Prison papers were illegally burned in pit
Sen. Espero slams records disposal at Kulani last year
By JOHN BURNETT Tribune-Herald staff writer
A state senator says the Department of Public Safety broke state and county laws and adminis t r a t i v e rules during last year’s closure of Kulani Corre c t i o n a l Facility.
S e n . Will Espero, chairman of the Public Safety & Military Affairs Committee, said that a hearing Wednesday morning at the state Capitol “confirmed what we suspected.”
A number of former Kulani officials verified that documents were burned in an open pit in October and November, a violation of the county’s open burning ban in effect since 2008. It’s also possible that burning records — as well as pornographic VHS videotapes once used in Kulani’s sex offender treatment program — violated state clean air laws and statutes concerning document disposal.
“The handling of the records disposal was poorly done with little leadership and accountability,” Espero, a Leeward Oahu Democrat, said Wednesday afternoon.
“It seems as if there was a lot of things going on without properly thinking them out, for example, a permit to burn. There was no permit to burn. And this was during … the burn ban on the Big Island. And yet, these guys went on ahead.
So they didn’t do their due diligence.” “We asked one question: ‘Who gave you the authority to dig a hole and burn?’
And nobody could answer me on that. No one could,” Espero noted.
Peter McDonald, former Kulani warden who’s now acting warden at Hawaii Community Correctional Center, testified under subpoena that his then-second in-command, Capt. Clement Gusman, took charge of the facility’s closure at the direction of DPS Deputy Director Tommy Johnson.
Under questioning by Espero, McDonald said he found it strange that he was bypassed by superiors and added: “There was an atmosphere of severe depression, so I didn’t know. You’d have to ask my superiors.”
McDonald said when the decision was made to burn the materials, he went to the Keaau Fire Station to inform them it was happening “because they take an active interest in smoke going up over Kulani.” He said he talked to lowerranked firefighters about the burning and didn’t consult higher-ranking officials, or request permission.
“I never thought that they would deny us the burning of the documents, but I thought they ought to be aware, because they’re the first responders,” McDonald said.
McDonald said he “wasn’t aware” there was a burning ban in effect on the island. He also said no records were kept of what was burned.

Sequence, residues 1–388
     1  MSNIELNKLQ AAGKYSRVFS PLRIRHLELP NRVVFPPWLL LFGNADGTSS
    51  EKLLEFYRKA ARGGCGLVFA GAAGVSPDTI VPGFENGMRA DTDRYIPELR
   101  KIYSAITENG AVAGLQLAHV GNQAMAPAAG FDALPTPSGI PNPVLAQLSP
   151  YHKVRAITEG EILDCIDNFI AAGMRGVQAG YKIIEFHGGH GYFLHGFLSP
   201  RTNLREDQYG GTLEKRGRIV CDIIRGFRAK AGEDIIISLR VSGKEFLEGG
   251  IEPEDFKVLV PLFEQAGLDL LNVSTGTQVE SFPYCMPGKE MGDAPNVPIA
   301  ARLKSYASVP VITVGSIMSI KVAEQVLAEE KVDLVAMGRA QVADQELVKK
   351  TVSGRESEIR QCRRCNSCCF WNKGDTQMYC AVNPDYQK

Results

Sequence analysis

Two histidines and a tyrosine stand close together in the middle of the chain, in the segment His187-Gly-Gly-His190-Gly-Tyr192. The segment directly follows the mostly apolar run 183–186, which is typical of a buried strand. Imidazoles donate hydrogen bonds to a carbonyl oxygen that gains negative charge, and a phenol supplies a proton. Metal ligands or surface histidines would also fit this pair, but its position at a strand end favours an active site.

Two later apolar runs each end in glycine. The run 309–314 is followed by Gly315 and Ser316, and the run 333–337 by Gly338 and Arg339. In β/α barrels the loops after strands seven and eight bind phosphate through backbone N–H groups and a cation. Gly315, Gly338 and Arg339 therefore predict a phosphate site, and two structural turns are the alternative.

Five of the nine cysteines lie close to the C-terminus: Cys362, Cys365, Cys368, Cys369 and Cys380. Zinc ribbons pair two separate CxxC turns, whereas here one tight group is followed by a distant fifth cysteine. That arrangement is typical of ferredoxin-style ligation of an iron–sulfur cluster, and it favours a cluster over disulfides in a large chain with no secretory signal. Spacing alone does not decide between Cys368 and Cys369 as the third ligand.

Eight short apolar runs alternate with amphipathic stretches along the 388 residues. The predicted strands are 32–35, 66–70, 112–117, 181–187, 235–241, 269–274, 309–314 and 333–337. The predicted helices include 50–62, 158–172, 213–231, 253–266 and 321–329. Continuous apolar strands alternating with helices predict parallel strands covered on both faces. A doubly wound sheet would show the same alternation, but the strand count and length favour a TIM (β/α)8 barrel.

Gusman, who’s now a watch captain at Oahu Community Correctional Center, was subpoenaed to testify.
He appeared in uniform with a state deputy attorney general as legal counsel. Asked who ordered the burning, Gusman replied: “I honestly don’t know who made that determination.”
“It came down that we needed to do something with the records, and we talked about destruction, and the first course of action was, preferred to shred, but we determined that shredding was cost-prohibitive,” Gusman said. “… We started burning for different reasons.
We did not start to burn records. The burning started specifically was to destroy pornographic material that was used in the past with the sex offender treatment program.”
Gusman said he talked to “someone in the fire administration” but testified that he couldn’t remember whom. He said the porn videos were burned in 55 gallon drums, not the pit.
He said pornography is no longer used in the rehabilitation of sex offenders. Daniel Kauleinamoku, who coordinates record maintenance for DPS, said that records can either be shredded or burned, “but there must be ample documentation and witnesses on site to the burning.”
“If you were asked, would you have said burning is your first choice?” Espero inquired. “No. I would have said shredding, but due to (budget considerations), we have to find alternatives,” Kauleinamoku answered.
State archivist Susan Shaner testified that under state law, the Department of Accounting and General Service is supposed to be notified when documents are destroyed.
“They’re supposed to report to us when they do that on a specific form. We didn’t get any report on any form,” she said.
“Would you ever advise any department to dig a hole and burn records, in your professional position?” Espero queried.
“I probably would suggest that people shred way of doing it,” she asked.
Jill Stensrud of the Department of Health’s Clean Air Branch testified that the DOH was not given required notification of the burning, but would not
comment further on alleged violations pending the outcome of an ongoing investigation.
She said it “would have been prudent” if DPS had filed a written request before burning.
E-mail John Burnett at email@example.com.
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